Nonconformists are often not afraid to disagree with their managers and colleagues. They question their supervisors and challenge their ideas with some of their own, leading to new possibilities that can help the business as a whole.  They also take calculated risks, being able to grasp an opportunity before others and pursue it with energy and vigour. This can lead to new successes for the business, such as new partnerships or business deals.  Nonconformists tend to not follow the crowd and try new directions which is critical to improving existing product developments or creating a new service from scratch.

Nonconformists value opinions that are different from theirs, consider and understand others’ points of view and are able to recognise as well a good idea in others, even if it does not match with their own view.  This sparks creativity and healthy challenging – so how can you start to incorporate this environment of constructive challenging and creative practices into your organisation today?

People have ideas and suggestions, but these are usually never transmitted to the decision makers for fear of making a mistake or being punished for challenging the current system. Sometimes employees don’t bother to speak up because there is always the thought that no one will really care what about what they have to say.

 

Encouraging feedback and open collaboration

A great example of encouraging original ideas and constructive criticism is the one of Tom Gerrity (2).  He was running a software company called Index, and as CEO, he was worried that being at the top meant that no one would ever challenge him about what they really thought of him or how the business was going. One day, Gerrity arranged to be publicly criticised by an external consultant in front of the whole company. He took notes and said he would take on board those comments and improve in the aspects mentioned. After that, employees recognised that he was approachable and actively open to new ideas, suggestions and criticism and therefore – open to change. It also encouraged the rest of the company to follow his lead and practice the same thinking with their colleagues, giving and receiving constructive criticism and sharing ideas freely that could potentially help the business to move forward.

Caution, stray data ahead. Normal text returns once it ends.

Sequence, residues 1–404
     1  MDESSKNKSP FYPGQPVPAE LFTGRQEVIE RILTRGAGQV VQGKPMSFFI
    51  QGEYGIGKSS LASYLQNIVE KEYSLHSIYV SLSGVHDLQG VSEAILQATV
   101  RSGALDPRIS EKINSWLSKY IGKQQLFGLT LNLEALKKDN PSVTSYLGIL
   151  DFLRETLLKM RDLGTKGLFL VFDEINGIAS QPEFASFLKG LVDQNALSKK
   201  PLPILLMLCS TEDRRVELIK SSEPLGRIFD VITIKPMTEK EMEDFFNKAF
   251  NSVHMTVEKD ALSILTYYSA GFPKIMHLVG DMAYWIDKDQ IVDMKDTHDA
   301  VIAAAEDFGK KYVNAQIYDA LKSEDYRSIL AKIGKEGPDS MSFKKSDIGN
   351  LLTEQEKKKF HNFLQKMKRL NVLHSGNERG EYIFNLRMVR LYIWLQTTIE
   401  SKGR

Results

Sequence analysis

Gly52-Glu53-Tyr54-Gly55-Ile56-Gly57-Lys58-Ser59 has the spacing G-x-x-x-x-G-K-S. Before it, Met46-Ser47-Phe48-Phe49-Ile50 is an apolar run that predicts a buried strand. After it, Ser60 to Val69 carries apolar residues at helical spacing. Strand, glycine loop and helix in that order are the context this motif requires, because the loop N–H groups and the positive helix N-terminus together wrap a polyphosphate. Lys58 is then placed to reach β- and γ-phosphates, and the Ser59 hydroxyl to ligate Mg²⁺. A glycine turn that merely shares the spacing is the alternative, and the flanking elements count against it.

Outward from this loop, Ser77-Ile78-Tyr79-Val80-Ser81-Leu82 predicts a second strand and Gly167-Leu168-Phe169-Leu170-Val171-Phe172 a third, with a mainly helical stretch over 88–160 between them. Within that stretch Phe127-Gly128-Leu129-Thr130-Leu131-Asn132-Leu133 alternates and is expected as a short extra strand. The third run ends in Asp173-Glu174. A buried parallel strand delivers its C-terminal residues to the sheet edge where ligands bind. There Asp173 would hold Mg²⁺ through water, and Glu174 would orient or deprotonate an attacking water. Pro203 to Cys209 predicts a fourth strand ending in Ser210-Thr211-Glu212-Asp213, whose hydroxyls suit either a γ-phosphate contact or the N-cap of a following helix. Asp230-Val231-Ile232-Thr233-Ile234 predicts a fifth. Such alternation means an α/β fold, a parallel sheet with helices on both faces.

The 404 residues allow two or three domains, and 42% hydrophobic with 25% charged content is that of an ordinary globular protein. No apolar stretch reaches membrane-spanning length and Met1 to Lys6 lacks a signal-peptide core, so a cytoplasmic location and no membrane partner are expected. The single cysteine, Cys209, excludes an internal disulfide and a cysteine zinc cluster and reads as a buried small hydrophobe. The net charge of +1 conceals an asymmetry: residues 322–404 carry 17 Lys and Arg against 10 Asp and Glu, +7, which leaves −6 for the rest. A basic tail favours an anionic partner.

Another way to encourage nonconformity in a business is to organise feedback sessions once a month where managers and employees can exchange their views.  It’s also useful to think about how you could organise meetings between all levels of employees across the business with the CEO or executives to foster a culture of idea sharing and open collaboration between departments and management levels.

 

So, it doesn’t matter if a person is a nonconformist by default. If you have the right working environment that truly believes in progress and wants to challenge the status quo, nonconformity is encouraged and nourished. There are always different ways in which businesses can encourage nonconformity, and not all cases can be a replica of the Tom Gerrity one. But every manager and employee can help to foster an environment that nourishes original ideas, while promoting constructive feedback and suggestions. Without that, the status quo will never change and progress will always be stuck in reverse.

 

References